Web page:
On Friday I was certain a 9:30 finish at Ironman France was a safe bet for a Kona slot. In the last 10 years of racing that time would have easily been sufficient to place within the slots. This year it was a close call. Results from the 2013 Ironman France are fast with some impressive age group performances at the front. The pros weren’t bad either with Mary Beth Ellis setting a new course record in the women’s field. How did the overall race shape up?
If we compare the 2013 distribution of splits with those from previous races (roughly 10 years of data) there is a clear skew towards faster overall times this year. Similarly when looking at run splits we again see a leftward skew to the data not present in the cumulative distribution. I’ve heard some talk of a slightly short run course, but couldn’t comment if this was a factor in that shift. We also see a more subtle, but still evident skew in the bike splits; there is a little more weight in the sub-6 hour region. The swim however bucks the trend and appears to be slightly slower than the norm. Ultimately though a marginally slower swim is easily counterbalanced by faster bike and run and a faster race results.
Average splits fully support this breakdown of the race: swim times are slightly slower, bike and run slightly faster. The pattern is clear leaving little more to add. Conditions were presumably very good and combined with some fit athletes we saw one of the faster instances of this race.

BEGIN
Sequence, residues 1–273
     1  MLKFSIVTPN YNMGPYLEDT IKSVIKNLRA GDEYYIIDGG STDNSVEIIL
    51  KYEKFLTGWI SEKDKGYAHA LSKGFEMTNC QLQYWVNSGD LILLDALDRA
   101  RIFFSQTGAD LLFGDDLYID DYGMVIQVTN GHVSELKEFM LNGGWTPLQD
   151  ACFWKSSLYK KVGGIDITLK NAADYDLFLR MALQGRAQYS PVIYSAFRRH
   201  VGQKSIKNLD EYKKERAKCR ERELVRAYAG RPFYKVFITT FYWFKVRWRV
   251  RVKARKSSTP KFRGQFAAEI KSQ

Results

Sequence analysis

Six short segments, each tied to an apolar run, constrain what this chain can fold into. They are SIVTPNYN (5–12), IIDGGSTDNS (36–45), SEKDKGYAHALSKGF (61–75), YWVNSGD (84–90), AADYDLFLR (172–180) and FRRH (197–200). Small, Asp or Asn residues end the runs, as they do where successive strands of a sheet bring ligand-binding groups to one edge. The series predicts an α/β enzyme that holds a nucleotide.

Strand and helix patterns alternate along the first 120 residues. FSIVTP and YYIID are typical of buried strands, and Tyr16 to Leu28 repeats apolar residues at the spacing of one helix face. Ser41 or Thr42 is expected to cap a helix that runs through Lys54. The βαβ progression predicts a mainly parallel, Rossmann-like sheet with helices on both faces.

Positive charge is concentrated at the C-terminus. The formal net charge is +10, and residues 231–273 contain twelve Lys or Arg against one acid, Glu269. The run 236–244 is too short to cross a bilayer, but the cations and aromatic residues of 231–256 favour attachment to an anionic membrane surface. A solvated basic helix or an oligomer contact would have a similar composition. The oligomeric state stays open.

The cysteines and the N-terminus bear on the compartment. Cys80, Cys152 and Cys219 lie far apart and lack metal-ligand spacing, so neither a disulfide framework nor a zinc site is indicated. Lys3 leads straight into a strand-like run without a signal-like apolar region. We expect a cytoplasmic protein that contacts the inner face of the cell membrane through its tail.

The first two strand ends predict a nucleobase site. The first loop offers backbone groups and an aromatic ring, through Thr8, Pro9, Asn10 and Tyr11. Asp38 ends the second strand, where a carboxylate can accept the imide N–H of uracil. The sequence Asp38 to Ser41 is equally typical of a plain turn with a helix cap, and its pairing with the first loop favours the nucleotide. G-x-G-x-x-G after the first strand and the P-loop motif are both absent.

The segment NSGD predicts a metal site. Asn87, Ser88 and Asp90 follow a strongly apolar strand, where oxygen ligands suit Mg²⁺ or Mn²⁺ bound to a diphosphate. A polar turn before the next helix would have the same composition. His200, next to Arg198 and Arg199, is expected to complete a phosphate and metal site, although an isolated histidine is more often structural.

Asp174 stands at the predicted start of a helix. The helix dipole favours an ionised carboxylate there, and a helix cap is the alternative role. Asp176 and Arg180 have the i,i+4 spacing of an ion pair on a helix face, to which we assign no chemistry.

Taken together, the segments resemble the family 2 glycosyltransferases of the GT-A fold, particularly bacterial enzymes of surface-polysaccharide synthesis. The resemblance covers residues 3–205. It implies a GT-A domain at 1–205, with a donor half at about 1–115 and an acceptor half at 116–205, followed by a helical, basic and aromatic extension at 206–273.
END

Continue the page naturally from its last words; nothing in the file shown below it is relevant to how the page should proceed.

I’ve not yet seen a list of Kona slots to determine if my predicted allocation is correct. The Ironman France website may publish these details, but at this point the slots in the graphs below are estimates rather than final numbers.
Again the analysis is simple – times were fast. When comparing race results it’s hard to determine if time differences are a result of conditions or quality of the field. Usually we expect a mix of the two to play a role and on average, over a number of years of racing, these factors would largely balance each other out. The pattern this year is so consistent across the all age groups that I feel it’s safe to conclude conditions were good. I know there were some fast athletes present too, this was a strong field, but when nearly everyone is faster than average – or the previous fastest times – conditions must be playing a major role. Again my graphs offered little predictive value.
Wrapping things up: Ironman France was particularly rapid in 2013. Results were at the faster end of the scale with a few exceeding previous course bests in their age groups. I’ve uploaded a spreadsheet of the Ironman France 2013 results and splits to Google Drive as usual. Tomorrow I’ll look at the results from Ironman Coeur d’Alene and the first trial of the Swim Smart start.